@Lazy-Bagder svn switch --relocate still works just fine. Unless you want to preface every answer with "If you're using 1.7 do this, if you're using 1.6 do that," then saying svn switch --relocate is going to be easiest. Unfortunately, 1.6 is still the version most people have. With respect to svnsync, it's not the only option I even mentioned git-svn. I didn't bother to go into details about it because someone else already had. – Ben Reser Feb 21 '13 at 7:28
I realize now that this isn't actually an answer to my question. I don't have svnadmin access, and this creates a copy of the svn archive; I need to have each complete revision in its own directory. – Emrakul Feb 23 '13 at 2:19
Getting local access to svnadmin is relatively trivial (there are binary distributions of subversion for pretty much any platform here: You don't need any special access to the your actual repository with what is mentioned above. Based on your requirement that each rev be in a separate directory I'd suggest that the export method suggested by LazyBadger is the best answer to your question. – Ben Reser Feb 23 '13 at 5:47

Not as nice of a solution as Adrian Shum's, but if you really prefer to stick with SVN, you could also use svnsync. From Stefan's answer on stackoverflow:

First, create a fresh repository on your home machine.

svnadmin create c:\backuprepo

Next, create a file named pre-revprop-change.bat:

echo exit 0 > c:\backuprepo\hooks\pre-revprop-change.bat

then, initialize the sync:

svnsync init file:///c:/backuprepo https://url/of/your/repository

After that, you can simply run

svnsync sync file:///c:/backuprepo

once a day or so, and you'll get only those changes which are not yet in your backup repository. The first time it will take a while, but after you've synchronized your backup repository with the real one, it will only take a few seconds to sync it because only those revisions that are new need to be synched.

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The tool rsvndump fulfills exactly this purpose.

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rsvndump is an older implementation of svnrdump. It provides dump files that you need to feed into svnadmin load in order to do anything with them. Given his comment above that he wants each rev in a separate directory. I don't think this is really what you want. – Ben Reser Feb 23 '13 at 5:48

Answer on asked question

You can use svn export 1-st form in oder to export to unversioned tree state of repo in any revision. From svn help export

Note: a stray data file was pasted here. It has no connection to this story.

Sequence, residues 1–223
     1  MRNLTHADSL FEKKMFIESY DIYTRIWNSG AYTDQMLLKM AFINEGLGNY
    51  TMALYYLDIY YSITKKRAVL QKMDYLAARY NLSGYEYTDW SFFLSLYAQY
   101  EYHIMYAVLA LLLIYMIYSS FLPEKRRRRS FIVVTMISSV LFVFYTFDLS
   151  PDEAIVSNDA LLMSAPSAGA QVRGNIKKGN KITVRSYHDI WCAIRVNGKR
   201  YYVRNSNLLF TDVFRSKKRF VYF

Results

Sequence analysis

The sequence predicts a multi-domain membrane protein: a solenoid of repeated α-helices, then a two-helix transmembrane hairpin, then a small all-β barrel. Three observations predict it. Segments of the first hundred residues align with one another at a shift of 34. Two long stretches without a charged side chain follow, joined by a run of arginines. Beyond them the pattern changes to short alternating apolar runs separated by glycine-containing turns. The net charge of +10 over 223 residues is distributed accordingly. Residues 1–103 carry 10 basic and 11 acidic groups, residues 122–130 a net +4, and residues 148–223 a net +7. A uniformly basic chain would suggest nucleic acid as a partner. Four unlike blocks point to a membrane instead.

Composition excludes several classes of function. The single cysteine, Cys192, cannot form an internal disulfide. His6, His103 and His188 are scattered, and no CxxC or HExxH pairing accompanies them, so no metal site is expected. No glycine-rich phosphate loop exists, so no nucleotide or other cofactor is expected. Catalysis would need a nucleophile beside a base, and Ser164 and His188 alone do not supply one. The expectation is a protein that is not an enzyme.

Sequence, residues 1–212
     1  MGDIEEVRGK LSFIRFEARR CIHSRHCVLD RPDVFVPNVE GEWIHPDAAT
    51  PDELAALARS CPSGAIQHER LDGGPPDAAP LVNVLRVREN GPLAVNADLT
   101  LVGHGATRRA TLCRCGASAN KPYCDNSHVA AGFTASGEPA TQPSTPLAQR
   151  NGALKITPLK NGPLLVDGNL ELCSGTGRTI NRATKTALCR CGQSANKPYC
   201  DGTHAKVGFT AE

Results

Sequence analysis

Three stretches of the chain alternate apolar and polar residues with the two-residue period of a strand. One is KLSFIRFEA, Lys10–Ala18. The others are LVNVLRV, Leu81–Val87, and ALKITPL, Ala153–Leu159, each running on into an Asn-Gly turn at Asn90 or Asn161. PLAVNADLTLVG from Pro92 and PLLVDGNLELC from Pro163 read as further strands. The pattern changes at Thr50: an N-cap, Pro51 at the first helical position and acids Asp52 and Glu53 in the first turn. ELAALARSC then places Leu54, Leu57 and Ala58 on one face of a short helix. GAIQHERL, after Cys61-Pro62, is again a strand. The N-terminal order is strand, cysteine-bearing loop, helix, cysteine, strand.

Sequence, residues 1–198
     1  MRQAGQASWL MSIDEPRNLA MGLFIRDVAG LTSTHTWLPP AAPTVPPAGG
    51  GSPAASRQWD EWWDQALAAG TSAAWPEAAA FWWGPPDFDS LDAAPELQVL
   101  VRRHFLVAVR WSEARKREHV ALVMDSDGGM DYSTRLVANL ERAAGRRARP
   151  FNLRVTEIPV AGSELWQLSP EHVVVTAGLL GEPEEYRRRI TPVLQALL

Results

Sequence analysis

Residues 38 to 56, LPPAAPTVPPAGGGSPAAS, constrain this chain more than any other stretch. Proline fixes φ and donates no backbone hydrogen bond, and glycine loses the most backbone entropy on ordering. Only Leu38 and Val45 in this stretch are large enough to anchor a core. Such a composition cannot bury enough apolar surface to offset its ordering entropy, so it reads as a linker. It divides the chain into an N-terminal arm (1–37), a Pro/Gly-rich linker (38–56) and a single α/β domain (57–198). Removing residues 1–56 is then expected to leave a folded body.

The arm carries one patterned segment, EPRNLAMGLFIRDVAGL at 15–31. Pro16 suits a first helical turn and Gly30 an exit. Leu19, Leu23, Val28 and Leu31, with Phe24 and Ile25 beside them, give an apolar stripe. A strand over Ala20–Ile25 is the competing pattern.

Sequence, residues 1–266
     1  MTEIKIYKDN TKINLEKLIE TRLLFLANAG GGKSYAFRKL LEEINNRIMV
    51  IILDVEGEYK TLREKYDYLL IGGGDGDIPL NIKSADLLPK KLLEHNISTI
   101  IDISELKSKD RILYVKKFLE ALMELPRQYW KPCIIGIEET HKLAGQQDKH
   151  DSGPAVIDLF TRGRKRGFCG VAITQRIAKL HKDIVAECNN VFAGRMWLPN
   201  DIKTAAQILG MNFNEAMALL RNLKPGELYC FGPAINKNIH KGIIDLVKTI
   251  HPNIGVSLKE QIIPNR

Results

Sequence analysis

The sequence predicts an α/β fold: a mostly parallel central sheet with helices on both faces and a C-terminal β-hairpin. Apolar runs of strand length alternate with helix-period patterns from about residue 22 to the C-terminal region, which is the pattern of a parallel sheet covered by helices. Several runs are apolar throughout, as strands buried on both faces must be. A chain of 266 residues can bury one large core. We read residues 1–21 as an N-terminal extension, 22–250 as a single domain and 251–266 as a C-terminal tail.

export [-r REV] URL[@PEGREV] [PATH]
Exports a clean directory tree from the repository specified by
URL, at revision REV if it is given, otherwise at HEAD, into

You can easy code simplest script, which run across all revisions in repo and perform exports into change changing destination path

Answer on not asked question "How to clone any remote repo"

In Subversion 1.7.* new management-tool was added: svnrdump, which allow perform svnadmin dump|load, but for remote repositories.

In your case you:

  • create local repo in TortoiseSVN
  • load dump of CG-repo (full dump of maybe only trunk part)
  • svnadmin load dump into repo
  • switch your current WC to new repo or checkout from local into new WC (and in any case have full history in traditional way)

Final note about svnrdump

Svnrdump is part of client-side tools in Subversion 1.7.X. Any 1.7 client can freely communicate with 1.6 server without problems

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Ok why would you suggest using svnrdump for cloning a remote repo? When svnsync is far going to be more efficient, since it doesn't have to serialize the data and all it's doing is driving a commit editor off the replay drive. – Ben Reser Feb 21 '13 at 7:31
@BenReser - because it's natural way for one-time action "have local repo for accessing history offline". "Efficient" has zero-value here – Lazy Badger Feb 21 '13 at 21:31
I don't really show how a dump/load cycle is more natural than svnsync from a remote repository to a local repository. It ends up with the exact same result. The only difference is that svnsync should be faster and easier to update the local repository if you get online at some point. – Ben Reser Feb 21 '13 at 23:15